Sunday, July 25, 2010

Blue Rocks

Blue Rocks is a felsenmeer (or blockfield) on the slopes below Blue Mountain near Lenhartsville, Pennsylvania. Boulder fields of this type are periglacial features, common in arctic or near-arctic locations in Alaska, Canada, and Greenland, but also found in parts of the northern Appalachian Mountains. Two other well-known examples in Pennsylvania are the River of Rocks at Hawk Mountain and Hickory Run Boulder Field at Hickory Run State Park.

Blue Rocks was formed during the late Pleistocene, when glaciers approached to within approximately 35 miles of Blue Mountain. Freeze-thaw cycles broke off blocks of Tuscarora quartzite. The blocks—up to twenty feet in size—did not tumble downhill in a rockslide or rockfall, but flowed downhill on a layer of mud above the permafrost, resulting in not a jumbled pile of rocks but instead a relatively orderly line extending for approximately a mile downhill.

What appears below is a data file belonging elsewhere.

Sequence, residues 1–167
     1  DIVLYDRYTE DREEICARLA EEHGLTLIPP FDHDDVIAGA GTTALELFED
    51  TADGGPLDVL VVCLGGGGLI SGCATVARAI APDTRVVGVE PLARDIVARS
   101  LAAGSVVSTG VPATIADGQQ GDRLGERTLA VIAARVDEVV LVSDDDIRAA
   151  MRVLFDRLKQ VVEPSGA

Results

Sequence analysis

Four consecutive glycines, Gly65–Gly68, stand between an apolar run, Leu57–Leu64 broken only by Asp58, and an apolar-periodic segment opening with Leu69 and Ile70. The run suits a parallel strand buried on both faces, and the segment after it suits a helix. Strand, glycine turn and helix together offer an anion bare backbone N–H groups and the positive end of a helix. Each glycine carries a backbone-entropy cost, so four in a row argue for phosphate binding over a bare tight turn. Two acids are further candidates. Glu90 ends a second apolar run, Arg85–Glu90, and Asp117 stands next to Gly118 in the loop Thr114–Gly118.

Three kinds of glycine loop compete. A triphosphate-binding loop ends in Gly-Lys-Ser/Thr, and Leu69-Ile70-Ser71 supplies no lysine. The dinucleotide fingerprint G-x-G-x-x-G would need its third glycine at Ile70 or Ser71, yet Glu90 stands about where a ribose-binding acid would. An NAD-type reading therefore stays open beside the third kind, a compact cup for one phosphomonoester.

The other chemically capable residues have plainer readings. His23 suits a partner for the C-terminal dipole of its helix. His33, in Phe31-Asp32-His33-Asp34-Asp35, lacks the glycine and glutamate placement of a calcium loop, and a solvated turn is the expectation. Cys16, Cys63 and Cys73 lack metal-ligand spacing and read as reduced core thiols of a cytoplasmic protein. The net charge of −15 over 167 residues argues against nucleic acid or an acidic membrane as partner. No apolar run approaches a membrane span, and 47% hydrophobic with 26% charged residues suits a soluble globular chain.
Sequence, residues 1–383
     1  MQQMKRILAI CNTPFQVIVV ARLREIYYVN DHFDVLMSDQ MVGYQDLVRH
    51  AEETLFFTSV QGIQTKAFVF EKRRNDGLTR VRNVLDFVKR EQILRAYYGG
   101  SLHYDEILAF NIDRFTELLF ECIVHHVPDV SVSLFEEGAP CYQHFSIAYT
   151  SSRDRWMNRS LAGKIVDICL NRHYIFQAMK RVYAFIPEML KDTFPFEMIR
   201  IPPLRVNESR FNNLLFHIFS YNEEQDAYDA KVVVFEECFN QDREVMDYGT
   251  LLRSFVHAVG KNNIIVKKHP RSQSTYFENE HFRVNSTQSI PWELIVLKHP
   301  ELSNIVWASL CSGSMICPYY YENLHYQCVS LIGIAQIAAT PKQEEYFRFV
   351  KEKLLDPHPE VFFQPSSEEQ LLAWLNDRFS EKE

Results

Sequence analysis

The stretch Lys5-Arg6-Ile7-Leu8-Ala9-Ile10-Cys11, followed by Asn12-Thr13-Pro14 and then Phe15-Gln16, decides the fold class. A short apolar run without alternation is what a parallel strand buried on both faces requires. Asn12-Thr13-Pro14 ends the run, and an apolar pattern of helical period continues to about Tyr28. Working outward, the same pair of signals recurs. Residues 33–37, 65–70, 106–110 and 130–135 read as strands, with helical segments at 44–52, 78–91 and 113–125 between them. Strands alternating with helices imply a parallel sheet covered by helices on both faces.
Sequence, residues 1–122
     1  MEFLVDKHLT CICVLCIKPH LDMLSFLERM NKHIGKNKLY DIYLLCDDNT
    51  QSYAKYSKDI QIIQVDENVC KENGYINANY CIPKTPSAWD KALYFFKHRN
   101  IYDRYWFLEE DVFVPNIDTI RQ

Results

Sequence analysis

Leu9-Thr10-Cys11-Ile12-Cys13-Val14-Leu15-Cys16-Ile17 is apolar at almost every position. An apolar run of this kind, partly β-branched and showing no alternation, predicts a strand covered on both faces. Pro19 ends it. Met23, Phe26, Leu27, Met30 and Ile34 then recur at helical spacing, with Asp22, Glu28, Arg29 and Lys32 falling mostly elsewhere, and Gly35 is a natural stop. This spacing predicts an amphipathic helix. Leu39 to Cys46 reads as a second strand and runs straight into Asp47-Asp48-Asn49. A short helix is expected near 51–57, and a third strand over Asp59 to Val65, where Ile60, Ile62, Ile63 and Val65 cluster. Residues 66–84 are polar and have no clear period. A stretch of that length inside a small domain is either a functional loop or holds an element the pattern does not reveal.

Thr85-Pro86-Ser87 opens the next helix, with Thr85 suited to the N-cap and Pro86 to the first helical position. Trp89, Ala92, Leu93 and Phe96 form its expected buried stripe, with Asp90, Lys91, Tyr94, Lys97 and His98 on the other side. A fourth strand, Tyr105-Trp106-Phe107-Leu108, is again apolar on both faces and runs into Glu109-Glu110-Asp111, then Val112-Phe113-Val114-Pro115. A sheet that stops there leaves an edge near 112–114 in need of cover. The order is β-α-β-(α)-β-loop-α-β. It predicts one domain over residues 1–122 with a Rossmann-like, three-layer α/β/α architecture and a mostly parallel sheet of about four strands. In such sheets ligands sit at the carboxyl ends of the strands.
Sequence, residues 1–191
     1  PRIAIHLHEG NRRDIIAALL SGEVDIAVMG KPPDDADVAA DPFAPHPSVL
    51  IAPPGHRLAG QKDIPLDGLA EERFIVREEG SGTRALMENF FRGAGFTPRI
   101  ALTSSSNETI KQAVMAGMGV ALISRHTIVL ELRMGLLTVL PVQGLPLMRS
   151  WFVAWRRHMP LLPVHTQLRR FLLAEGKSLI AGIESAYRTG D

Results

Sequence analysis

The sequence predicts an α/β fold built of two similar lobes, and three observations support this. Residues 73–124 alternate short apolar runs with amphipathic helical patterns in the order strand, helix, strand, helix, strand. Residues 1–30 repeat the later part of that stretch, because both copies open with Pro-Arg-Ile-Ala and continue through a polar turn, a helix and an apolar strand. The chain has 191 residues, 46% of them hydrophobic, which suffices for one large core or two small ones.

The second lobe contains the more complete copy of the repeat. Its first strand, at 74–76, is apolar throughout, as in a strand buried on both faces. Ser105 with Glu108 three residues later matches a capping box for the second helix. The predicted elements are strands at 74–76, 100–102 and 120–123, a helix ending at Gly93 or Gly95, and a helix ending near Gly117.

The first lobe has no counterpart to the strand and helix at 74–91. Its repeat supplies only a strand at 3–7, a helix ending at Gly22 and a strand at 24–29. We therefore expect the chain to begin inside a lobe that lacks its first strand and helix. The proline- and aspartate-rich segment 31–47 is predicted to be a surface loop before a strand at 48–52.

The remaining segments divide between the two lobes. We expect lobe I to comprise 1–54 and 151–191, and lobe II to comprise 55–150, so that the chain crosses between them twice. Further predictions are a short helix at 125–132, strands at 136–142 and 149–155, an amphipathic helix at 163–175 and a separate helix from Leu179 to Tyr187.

The blockfield looks like a river of rock because, in a sense, it is; over time, running water has carried away the mud that made this feature possible. (Other portions of the original flow are covered in soil; parts of the forest adjacent to Blue Rocks overlie buried boulders.) But since this is a geologically young feature, there has been little erosion of the quartzite itself, which remains highly textured.

Owing to the scarcity of soil, most of the plants here are lichens and mosses. But a few hardy pioneers like woodsorrel and raspberries are able to get a tenuous foothold in between some of the boulders, especially at the edges of the blockfield.

No comments: